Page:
Additionally, genetic testing is an option to solidify a diagnosis and help find the cause. The field of genetic testing is always evolving, so new testing could emerge later in life that may help answer any questions you or your family may have.


Treatments are often aimed at managing the symptoms of HPX, most notably the overactive startle response and muscle systems. Currently, there is no cure for the disorder. The medications that might be used include anti-anxiety and anti-spastic drugs such as clonazepam and diazepam, as well as carbamazepine, phenobarbital, and others.

Physical or occupational therapy may be used as adjunct therapies to ease symptoms, evaluate the need for assistive devices and adaptive equipment (strollers, walkers, seating and positioning devices) to improve quality of life. Cognitive behavioral therapy (CBT) can also be a beneficial therapy to lessen anxiety.

When an infant has significant breathing challenges, the doctor may suggest a breathing or heart rate monitor to keep a watchful eye on the child. Parents may also decide to learn infant CPR so that they can help their child should the need arise.     


An unexpected diagnosis of any kind can be overwhelming, but one involving a rare neurological disease can be downright scary. Finding support from others who are going through the same things you and your family are can be a huge help.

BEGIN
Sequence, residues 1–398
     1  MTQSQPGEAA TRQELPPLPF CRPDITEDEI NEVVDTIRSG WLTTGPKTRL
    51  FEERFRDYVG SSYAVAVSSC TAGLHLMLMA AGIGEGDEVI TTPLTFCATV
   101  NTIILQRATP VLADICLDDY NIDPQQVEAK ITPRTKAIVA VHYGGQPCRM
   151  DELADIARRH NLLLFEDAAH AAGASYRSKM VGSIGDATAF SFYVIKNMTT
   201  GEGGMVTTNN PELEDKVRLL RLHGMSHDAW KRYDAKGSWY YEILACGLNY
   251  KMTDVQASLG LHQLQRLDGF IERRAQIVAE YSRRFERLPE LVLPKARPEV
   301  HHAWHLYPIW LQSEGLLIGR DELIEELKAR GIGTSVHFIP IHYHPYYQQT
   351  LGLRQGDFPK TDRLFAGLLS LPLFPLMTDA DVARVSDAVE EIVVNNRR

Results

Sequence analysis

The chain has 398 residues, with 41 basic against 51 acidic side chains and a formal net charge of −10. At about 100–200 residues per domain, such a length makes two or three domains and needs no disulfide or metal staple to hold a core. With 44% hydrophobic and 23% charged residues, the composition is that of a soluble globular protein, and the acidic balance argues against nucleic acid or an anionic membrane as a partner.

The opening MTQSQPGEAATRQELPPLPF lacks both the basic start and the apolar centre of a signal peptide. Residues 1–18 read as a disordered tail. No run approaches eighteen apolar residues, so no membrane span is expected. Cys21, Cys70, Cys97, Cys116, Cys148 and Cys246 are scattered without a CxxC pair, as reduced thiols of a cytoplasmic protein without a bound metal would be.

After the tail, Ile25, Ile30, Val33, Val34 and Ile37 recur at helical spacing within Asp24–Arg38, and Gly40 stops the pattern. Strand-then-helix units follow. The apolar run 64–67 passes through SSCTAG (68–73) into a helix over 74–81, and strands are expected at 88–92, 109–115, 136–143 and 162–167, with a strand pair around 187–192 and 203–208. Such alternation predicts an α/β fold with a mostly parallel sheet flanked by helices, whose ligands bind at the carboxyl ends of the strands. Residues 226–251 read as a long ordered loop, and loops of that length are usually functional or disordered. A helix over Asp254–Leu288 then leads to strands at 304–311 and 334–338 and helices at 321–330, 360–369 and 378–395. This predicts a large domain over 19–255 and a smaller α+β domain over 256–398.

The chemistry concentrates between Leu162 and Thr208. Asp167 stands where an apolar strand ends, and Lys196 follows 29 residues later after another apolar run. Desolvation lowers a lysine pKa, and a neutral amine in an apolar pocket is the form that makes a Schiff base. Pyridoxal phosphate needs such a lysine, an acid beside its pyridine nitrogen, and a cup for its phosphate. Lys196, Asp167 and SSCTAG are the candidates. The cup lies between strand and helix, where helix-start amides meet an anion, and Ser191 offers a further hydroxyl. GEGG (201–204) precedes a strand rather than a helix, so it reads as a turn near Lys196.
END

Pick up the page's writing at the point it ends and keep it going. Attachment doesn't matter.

For online HPX support forums, you could try visiting The Hyperekplexia Society on Facebook, for one example.

Another way to cope and find support is to connect with people with related disorders and similar symptoms. Those conditions include epilepsy, generalized anxiety, and TIC disorders (like Tourette syndrome).

Ultimately, the more you know about the condition and the treatment options available to you, the more in control you’ll feel about your child and your family’s health.

3 Sources
Verywell Health uses only high-quality sources, including peer-reviewed studies, to support the facts within our articles. Read our editorial process to learn more about how we fact-check and keep our content accurate, reliable, and trustworthy.
  1. National Organization of Rare Diseases. Hyperekplexia. 2013.

  2. Kurczynski TW. Hyperekplexia. JAMA Neurology. 1983;40(4):246-248. doi:10.1001/archneur.1983.04050040076015

  3. Genetics Home Reference, U.S. National Library of Medicine. Hereditary hyperekplexia. 2020.

Additional Reading

By Jenny Lelwica Buttaccio, OTR/L
Jenny Lelwica Buttaccio, OTR/L, is a licensed occupational therapist and advocate for patients with Lyme disease.